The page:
Today, we’re announcing the release of three powerful query capabilities—subquery JOINs, lookups, and GeoIP—that will allow you to use your data to resolve business-critical incidents with one query. Not only will you be able to get answers from your data much faster, but we’ve unlocked entirely new use cases for you, including understanding how your technology stack impacts your business.

With today’s query enhancements and the New Relic unified database, you can quickly and easily understand how each component of your tech stack impacts the others. By correlating any telemetry data and any business data in one place, you can connect the dots between the performance of your applications and infrastructure, business operations, and customer experiences, all without using additional tools or importing and exporting data between other systems.

Use cases for JOINs, lookups, and GeoIP queries

Here are just a few of the questions you can answer with these new offerings from New Relic: 

Use case




How does application response time correlate with the CPU usage of your Kubernetes containers?


Which hosts running a specific version of an application have not reported logs recently?


Which logs have linked traces so you can see when the system is behaving unusually?


At which locations are point-of-sale terminals having more errors?


Which partner is seeing failures when selling tickets to an event, by venue?


Which requests are coming from known malicious IP addresses?

Where is your content delivery network (CDN) experiencing failures?


Subquery JOINs

Much of your data stored within New Relic relates to other data, which is what makes querying our unified database so powerful! Subquery JOINs allow you to combine data from different tables in the New Relic database. You can use subquery JOINs to correlate application performance monitoring (APM) event data with logs data, or infrastructure metrics with synthetics, to understand how the performance of different systems impact each other. 

For example, maybe you want to find the Kubernetes nodes where allocatableCpuCores is less than the sum of cpuLimitCores requested by the container. You would use the following syntax:

FROM K8sNodeSample 
  JOIN (FROM K8sContainerSample SELECT sum(cpuLimitCores) AS cpuLCores 
  FACET nodeName LIMIT MAX) ON nodeName
SELECT uniques(nodeName) WHERE latest(allocatableCpuCores) < cpuLCores

This query compares two different metrics from two separate datasets by joining them based on a common key (nodeName): 

  1. cpuLimitCore (metric) from K8sContainerSample (table)
  2. allocatableCpuCores (metric) from K8sNodeSample (table)

The query returns unique nodes, by name, where the allocatable CPU cores are less than the defined limit.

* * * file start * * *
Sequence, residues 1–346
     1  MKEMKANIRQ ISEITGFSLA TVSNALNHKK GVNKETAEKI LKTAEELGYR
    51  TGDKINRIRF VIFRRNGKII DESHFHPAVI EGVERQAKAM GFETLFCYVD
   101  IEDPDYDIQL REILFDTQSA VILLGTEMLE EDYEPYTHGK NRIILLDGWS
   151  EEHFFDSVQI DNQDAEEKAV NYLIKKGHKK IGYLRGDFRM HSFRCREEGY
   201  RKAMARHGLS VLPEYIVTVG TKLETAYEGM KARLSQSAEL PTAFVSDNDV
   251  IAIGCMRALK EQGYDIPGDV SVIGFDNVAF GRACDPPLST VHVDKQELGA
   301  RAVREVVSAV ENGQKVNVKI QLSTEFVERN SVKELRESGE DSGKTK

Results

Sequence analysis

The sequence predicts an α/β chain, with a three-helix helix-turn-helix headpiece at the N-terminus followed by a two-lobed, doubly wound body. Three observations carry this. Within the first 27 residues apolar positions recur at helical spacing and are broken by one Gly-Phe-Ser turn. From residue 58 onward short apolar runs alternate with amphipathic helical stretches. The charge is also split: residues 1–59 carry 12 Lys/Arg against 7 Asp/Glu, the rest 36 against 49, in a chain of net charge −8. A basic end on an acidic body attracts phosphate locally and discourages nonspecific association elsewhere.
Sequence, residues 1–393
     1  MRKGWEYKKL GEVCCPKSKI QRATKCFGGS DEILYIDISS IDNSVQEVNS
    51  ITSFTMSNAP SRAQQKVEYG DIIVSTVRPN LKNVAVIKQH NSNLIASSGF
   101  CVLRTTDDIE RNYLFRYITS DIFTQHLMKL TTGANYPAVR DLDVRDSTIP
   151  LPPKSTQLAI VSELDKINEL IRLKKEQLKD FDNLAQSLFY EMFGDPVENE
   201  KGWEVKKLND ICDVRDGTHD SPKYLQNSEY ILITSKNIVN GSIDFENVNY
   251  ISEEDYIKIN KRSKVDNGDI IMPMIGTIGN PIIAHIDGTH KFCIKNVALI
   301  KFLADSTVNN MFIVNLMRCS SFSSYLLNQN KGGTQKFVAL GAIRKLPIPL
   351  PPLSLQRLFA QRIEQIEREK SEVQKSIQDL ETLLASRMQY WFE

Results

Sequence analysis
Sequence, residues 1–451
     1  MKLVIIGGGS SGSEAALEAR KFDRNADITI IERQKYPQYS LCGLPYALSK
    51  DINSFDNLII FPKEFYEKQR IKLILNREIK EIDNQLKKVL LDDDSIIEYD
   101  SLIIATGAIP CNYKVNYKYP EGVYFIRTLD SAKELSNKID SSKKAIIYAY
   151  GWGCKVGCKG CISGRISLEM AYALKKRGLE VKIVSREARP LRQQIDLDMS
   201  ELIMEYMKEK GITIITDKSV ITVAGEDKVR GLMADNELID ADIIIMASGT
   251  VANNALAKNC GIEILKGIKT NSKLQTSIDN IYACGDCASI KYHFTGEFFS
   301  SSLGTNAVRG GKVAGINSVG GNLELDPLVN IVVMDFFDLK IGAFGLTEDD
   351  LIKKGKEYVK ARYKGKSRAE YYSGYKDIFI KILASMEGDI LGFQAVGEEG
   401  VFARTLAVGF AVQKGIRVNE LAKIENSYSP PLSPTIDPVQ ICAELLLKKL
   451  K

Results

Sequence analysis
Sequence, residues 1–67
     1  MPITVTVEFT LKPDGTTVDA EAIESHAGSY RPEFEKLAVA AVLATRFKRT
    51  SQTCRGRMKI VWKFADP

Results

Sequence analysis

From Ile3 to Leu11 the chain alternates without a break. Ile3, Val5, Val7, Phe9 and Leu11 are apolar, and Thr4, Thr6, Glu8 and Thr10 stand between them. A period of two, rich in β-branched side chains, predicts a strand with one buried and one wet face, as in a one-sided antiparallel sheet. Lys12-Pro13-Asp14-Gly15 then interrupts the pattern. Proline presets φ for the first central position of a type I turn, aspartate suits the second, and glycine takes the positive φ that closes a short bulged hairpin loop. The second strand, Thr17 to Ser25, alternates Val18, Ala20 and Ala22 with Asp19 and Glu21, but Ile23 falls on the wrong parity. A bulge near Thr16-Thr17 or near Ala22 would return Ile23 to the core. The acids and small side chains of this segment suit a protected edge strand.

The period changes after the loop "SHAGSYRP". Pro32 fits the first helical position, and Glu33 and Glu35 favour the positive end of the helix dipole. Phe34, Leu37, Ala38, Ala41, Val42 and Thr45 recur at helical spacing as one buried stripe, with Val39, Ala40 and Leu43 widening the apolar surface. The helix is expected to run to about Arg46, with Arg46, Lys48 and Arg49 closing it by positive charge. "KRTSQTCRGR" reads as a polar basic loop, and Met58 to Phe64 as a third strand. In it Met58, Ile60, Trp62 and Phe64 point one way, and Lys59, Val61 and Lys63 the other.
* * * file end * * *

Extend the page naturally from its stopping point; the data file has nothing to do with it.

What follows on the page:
To learn more about subquery JOINs:


Sometimes it’s difficult to map data with alphanumeric strings, such as user IDs, store IDs, GUIDs, and more, to the physical world or to business data. For example, you wouldn’t expect an engineer to know that StoreID = 15kd637 is the same as New York City store 5. Lookups allow you to combine data that’s not in New Relic with the rest of your telemetry, so you can understand how the performance of your systems impacts other business-related metrics. Or you can simply enrich your existing New Relic data, such as translating IDs into text that users can understand. Either way, the process is the same. Simply upload a .csv file to New Relic and combine it with your telemetry data.

Let’s look at an example. If you have a set of StoreIDs that aren’t immediately meaningful, you can use a Lookup table with JOINs to help translate these into values you can understand.

FROM Transaction 
  JOIN (FROM lookup(storeNames) SELECT store_ID, store_name)
     ON StoreID=store_ID
SELECT average(duration) FACET store_name

This query returns the average duration of a transaction grouped by ‘store name.’ Because only the ‘store ID’ was included in the original transaction data, the query can use an uploaded spreadsheet that includes both ‘store ID’ and ‘store name’ to look up and map the ‘store name’ using JOIN syntax.

To learn more about Lookups, read the documentation and watch the Data Bytes video.


GeoIP translates IP addresses into geographical data, allowing you to understand the origin of your traffic.

For example, let’s say you want to know where your CDN traffic is coming from, given log data that contains IP addresses. First, you would create a log parsing rule that uses the geo function combined with a lookup to return any of the following: country name or code, region name or code, postal code, latitude, and longitude.

Then you can write a query similar to the next example, using the attributes you’re interested in.

SELECT count(*) where ClientIP is not null FACET ClientIP.countryName, ClientIP.countryCode SINCE 1 day ago

This query returns a count of IP addresses by country name and country code so you can better understand where log traffic is coming from.

To learn more about GeoIP, read the spatial dimension documentation and watch the Data Bytes video at the bottom of this blog.